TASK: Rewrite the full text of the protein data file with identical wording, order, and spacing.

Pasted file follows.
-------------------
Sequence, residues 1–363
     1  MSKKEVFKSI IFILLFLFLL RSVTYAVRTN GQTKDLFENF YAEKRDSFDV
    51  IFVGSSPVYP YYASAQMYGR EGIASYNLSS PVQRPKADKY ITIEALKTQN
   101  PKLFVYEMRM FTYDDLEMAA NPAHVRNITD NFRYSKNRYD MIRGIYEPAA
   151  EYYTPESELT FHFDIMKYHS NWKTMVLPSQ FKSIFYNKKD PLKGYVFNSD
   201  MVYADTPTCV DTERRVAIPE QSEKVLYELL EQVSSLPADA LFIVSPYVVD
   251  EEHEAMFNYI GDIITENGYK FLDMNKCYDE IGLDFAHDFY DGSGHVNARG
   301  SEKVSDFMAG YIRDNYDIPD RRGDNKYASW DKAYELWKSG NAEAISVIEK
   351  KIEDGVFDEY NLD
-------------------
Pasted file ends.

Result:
Sequence, residues 1–363
     1  MSKKEVFKSI IFILLFLFLL RSVTYAVRTN GQTKDLFENF YAEKRDSFDV
    51  IFVGSSPVYP YYASAQMYGR EGIASYNLSS PVQRPKADKY ITIEALKTQN
   101  PKLFVYEMRM FTYDDLEMAA NPAHVRNITD NFRYSKNRYD MIRGIYEPAA
   151  EYYTPESELT FHFDIMKYHS NWKTMVLPSQ FKSIFYNKKD PLKGYVFNSD
   201  MVYADTPTCV DTERRVAIPE QSEKVLYELL EQVSSLPADA LFIVSPYVVD
   251  EEHEAMFNYI GDIITENGYK FLDMNKCYDE IGLDFAHDFY DGSGHVNARG
   301  SEKVSDFMAG YIRDNYDIPD RRGDNKYASW DKAYELWKSG NAEAISVIEK
   351  KIEDGVFDEY NLD